Wednesday, May 18, 2005

Political role of Arab women in the Gulf

UAE women say:
o "Taghrid said she did not think women could take major political decisions independently but should do so "in partnership with men"."
o "Esmat, a 20-year-old student, said she was happy with the Kuwaiti decision. "I agree with it. Women should have the same rights." "
o "Afra Al Suwaidi, a young student, said she was pleased with the decision. "It is good for women to participate in decision making. They have different perspectives from men." "
o Her sister, Noura, was less enthusiastic. "I think I'm against this decision because a woman has different qualities and concerns. She has to run a house and a marriage. She's different." "
o Huwaida said a woman's experience in running a household would only help her in making political decisions. "Every day women make political decisions. They raise societies through their children, educate them, budget for a family. Women do many things politicians do already."
o Ishraqa Ebrahim, a 32-year-old housewife, agreed. "It's a wonderful thing for Kuwaiti women to have this right. Arab women are equal to men and they should have this right. Why shouldn't they? Women are just as qualified and able as men to make decisions." "

Decision set to boost reform in Arab world: "Al Naqash warned that the road ahead of Kuwait women will not be without pitfalls. "Kuwaiti women have a new battle on their hands. Influence of the fundamentalist groups has grown in Kuwait over recent years. These groups will not give in easily and allow women to be actively engaged in political life," argued Al Naqash."

Qatar on Kuwaiti women's suffrage: "Abdul Hamid Al Ansari, a Qatari intellectual, said it is an important achievement for the region. "Not only women but also men across the Gulf are rejoicing," he told Gulf News. The news was also welcomed by the local newspapers. The move was a giant stride on the course of democratisation, said Arabic daily Al Sharq."

UAE Jurists Association and International Amnesty Organisation women's rights meeting in Sharjah

Kuwaiti women hail vote rights win
o " "Thank God now we got our rights," said university professor Siham Freih. "Until yesterday Kuwait's image to the world was tarnished because women were taking part in all professional fields but were deprived of the vote." "
o ""Before this I didn't feel as a citizen. They (lawmakers) restored our right that had been robbed from us," said law professor Dr Badria al Awadi."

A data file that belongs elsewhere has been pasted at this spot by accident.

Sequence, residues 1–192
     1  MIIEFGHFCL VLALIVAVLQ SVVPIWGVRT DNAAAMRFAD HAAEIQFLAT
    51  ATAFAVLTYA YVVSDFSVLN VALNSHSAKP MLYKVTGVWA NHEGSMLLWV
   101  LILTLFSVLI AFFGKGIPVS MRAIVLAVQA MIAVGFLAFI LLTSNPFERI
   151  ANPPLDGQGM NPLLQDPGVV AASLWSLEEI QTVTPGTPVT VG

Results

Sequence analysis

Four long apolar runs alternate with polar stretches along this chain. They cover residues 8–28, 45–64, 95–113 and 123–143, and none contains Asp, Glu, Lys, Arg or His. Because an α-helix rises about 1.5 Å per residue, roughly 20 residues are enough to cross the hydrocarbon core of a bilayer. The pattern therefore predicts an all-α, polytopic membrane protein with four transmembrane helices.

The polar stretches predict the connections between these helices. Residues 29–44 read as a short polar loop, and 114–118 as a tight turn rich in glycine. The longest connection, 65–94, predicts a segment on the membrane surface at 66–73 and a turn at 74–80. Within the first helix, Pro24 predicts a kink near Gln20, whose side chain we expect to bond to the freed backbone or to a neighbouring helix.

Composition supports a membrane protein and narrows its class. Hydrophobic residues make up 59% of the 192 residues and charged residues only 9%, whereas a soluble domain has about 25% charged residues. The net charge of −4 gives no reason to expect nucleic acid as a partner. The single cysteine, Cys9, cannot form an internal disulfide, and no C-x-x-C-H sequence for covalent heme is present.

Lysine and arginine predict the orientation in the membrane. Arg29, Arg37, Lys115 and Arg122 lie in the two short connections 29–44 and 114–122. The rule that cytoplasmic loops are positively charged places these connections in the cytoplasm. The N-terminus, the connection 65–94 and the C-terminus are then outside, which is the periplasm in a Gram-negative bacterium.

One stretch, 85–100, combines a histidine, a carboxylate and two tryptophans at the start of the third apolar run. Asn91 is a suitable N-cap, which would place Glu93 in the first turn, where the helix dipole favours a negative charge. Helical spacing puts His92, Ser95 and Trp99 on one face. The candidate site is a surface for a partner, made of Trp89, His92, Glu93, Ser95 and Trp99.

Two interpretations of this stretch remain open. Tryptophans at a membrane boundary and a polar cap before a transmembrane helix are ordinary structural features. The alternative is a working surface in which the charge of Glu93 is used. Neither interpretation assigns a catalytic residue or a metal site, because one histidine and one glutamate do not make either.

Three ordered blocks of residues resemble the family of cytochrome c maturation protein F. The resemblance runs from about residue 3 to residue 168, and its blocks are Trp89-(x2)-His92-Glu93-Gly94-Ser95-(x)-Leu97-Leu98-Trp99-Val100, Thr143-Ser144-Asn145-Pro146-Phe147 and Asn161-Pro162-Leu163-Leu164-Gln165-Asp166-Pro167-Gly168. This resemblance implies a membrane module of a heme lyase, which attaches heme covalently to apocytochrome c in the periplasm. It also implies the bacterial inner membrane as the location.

Historic advance for Kuwaiti women

... the potential impact of the historic move to full women's suffrage may be profound within Kuwait, where the parliament has actual legislative authority, [Prof. T├ętreault, author of Stories of Democracy: Politics and Society in Contemporary Kuwait] said. "It's not just a rubber stamp, so if women got into parliament would they be doing things that are different? Would the parliament be more directed toward nuanced ways of approaching the quality-of-life issues than it is now?

"Looking at things like custody and inheritance, labour laws, this might be a real change that women might bring about that, to me, is a much more fundamental shift in how the Gulf states do business than whether women vote or not."

Although no one believes Saudi Arabia's authoritarian rulers will soon alter the country's rigid, repressive patriarchal structure, some do hold out a sliver of hope based on Kuwait's example. "The first effect is the example that they gave, that this is possible," Abu Khaled, a professor of political sociology at King Saud University told Agence France-Presse. "I think the more democracy is achieved in the region, it helps with other societies."

The decision of Kuwait's all-male parliament was long in coming. In a 1999 decree, Kuwait's emir, Sheik Jaber al-Ahmed al-Sabah, granted women political rights but that move was struck down by parliament. Soon afterward, legislators voted against a suffrage bill.

On Monday, parliament met to consider legislation allowing women to run in city council elections. But, in a surprise move, government cabinet members successfully proposed a complete amendment of the country's election law, which had permitted only men to take part.

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